Synopses & Reviews
From "a fiercely intelligent writer" (the New York Times
), a wry, poignant story of the difficult love between a mother and a son.
In the winter of 2000, shortly after his mothers death from cancer and malnourishment, Donald Antrim, author of the absurdist, visionary masterworks Elect Mr. Robinson for a Better World, The Hundred Brothers, and The Verificationist, began writing about his family. In pieces that appeared in the New Yorker and were anthologized in Best American Essays, Antrim explored his intense and complicated relationships with his mother, Louanne, an artist and teacher who was, at her worst, a ferociously destabilized and destabilizing alcoholic; his gentle grandfather, who lived in the mountains of North Carolina and who always hoped to save his daughter from herself; and his father, who married Louanne twice.
The Afterlife is not a temporally linear coming-of-age memoir; instead, Antrim follows a logic of unconscious life, of dreams and memories, of fantasies and psychoses, the way in which the world of the alcoholic becomes a sleepless, atemporal world. In it, he comes to terms with and fails to comes to terms with the nature of addiction and the broken states of loneliness, shame, and loss that remain beyond his power to fully repair. This is a tender and even blackly hilarious portrait of a family faulty, cracked, enraging. It is also the story of the way the author works, in part through writing this book, to become a man more fully alive to himself and to others, a man capable of a life in which he may never learn, or ever hope to know, the nature of his origins.
"Acclaimed novelist Antrim (The Verificationist) makes his first foray into memoir with a moving attempt at tracing the roots of his own depression, anxiety and trouble with women. He does this by examining his relationship to his life-threateningly alcoholic mother, Louanne, who wrecked two marriages to the same man and irrevocably scarred her children. In the most comical of the book's seven associatively organized parts (most were New Yorker pieces), Antrim tries, shortly after Louanne's death in 2000, to buy himself a new bed, only to be goaded by guilt and paranoia into buying and returning several. Another piece focuses on a bizarre kimono Louanne, a highly skilled seamstress, made late in her life, complete with sewn on giraffe, mystic birds and potpourri pouches. In the powerful final episode, during Louanne's last big hallucinatory drunk, while dragons fly about her head, Antrim must find the strength to become his mother's parent. Cynical, self-effacing and humorous prose conveys Antrim's struggle to love someone from whom he must always protect himself. While readers may want more penetrating self-analysis and narrative gaps filled in, this is a compassionate portrait of a flawed and destructive woman who, in spite of her son's enduring (if reluctantly given) devotion, couldn't be saved from herself. (June)" Publishers Weekly (Copyright Reed Business Information, Inc.)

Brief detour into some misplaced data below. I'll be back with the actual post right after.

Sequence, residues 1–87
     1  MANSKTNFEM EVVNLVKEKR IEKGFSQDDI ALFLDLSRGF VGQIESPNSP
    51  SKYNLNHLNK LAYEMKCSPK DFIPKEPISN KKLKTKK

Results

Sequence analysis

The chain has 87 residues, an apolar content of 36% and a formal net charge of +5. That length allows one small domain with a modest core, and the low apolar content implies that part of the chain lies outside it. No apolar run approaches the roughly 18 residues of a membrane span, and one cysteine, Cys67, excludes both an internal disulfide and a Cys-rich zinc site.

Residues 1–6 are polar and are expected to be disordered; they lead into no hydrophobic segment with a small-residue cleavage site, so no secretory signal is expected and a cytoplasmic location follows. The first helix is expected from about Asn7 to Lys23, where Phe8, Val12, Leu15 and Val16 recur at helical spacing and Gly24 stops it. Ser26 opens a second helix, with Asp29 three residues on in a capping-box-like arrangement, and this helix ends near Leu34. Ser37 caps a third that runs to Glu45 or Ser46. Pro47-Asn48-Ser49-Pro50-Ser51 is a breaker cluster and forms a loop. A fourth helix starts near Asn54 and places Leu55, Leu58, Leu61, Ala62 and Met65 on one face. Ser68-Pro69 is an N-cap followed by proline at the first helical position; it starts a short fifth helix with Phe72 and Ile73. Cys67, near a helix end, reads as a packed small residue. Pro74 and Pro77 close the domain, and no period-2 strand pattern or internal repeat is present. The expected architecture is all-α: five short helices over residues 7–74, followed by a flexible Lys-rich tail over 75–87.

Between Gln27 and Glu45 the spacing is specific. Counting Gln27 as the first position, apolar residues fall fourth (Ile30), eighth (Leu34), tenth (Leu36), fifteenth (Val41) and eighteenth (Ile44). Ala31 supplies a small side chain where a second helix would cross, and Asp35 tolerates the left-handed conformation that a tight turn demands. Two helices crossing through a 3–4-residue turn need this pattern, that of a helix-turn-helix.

"A polished stylist, penetrating thinker, and deft storyteller, Antrim not only portrays his family with sensitivity, nerve, and wit but also writes incisively about the strange wearable art his fashion-expert mother created, considers the sanctuary of literature, and reflects on visions of the afterlife, thus infusing a haunting remembrance with arresting testimony to the power of art and the mystery of spirit." Donna Seaman, Booklist
"[A] brave, anxious, and eerily ardent memoir... Antrim's intricate narrative is at once a portrait of a family in crisis and of a haunted man who must learn to give up the ghost." O, The Oprah Magazine
"The book is darkly entertaining but also perhaps enlightening, giving readers insight into familial relationships that are poignant but also uplifting." Mark Alan Williams, Library Journal
"For Antrim, his role as witness and teller of a tale of death ends up paradoxically enabling his mother to live forever." Los Angeles Times
"Evident throughout are Antrim's considerable narrative gifts. He knows the virtues of conciseness and simplicity and brisk dialogue. But he also knows the occasional necessity of complexity." Cleveland Plain Dealer
A New York Times Book Review Editors' Choice
In the winter of 2000, shortly after his mother's death, Donald Antrim began writing about his family. In pieces that appeared in The New Yorker
and were anthologized in Best American Essays,
Antrim explored his intense and complicated relationships with his mother, Louanne, an artist, teacher, and ferociously destabilizing alcoholic; his gentle grandfather, who lived in the mountains of North Carolina and who always hoped to save his daughter from herself; and his father, who married his mother twice.
The Afterlife is an elliptical, sometimes tender, sometimes blackly hilarious portrait of a family--faulty, cracked, enraging--and of a man struggling to learn the nature of his origins.
About the Author
Donald Antrim is the author of Elect Mr. Robinson for a Better World, The Hundred Brothers, and The Verificationist. He is a regular contributor to the New Yorker, and has received fellowships from the National Endowment for the Arts, the John Simon Guggenheim Memorial Foundation, and the Dorothy and Lewis B. Cullman Center for Scholars and Writers at the New York Public Library. He lives in New York City.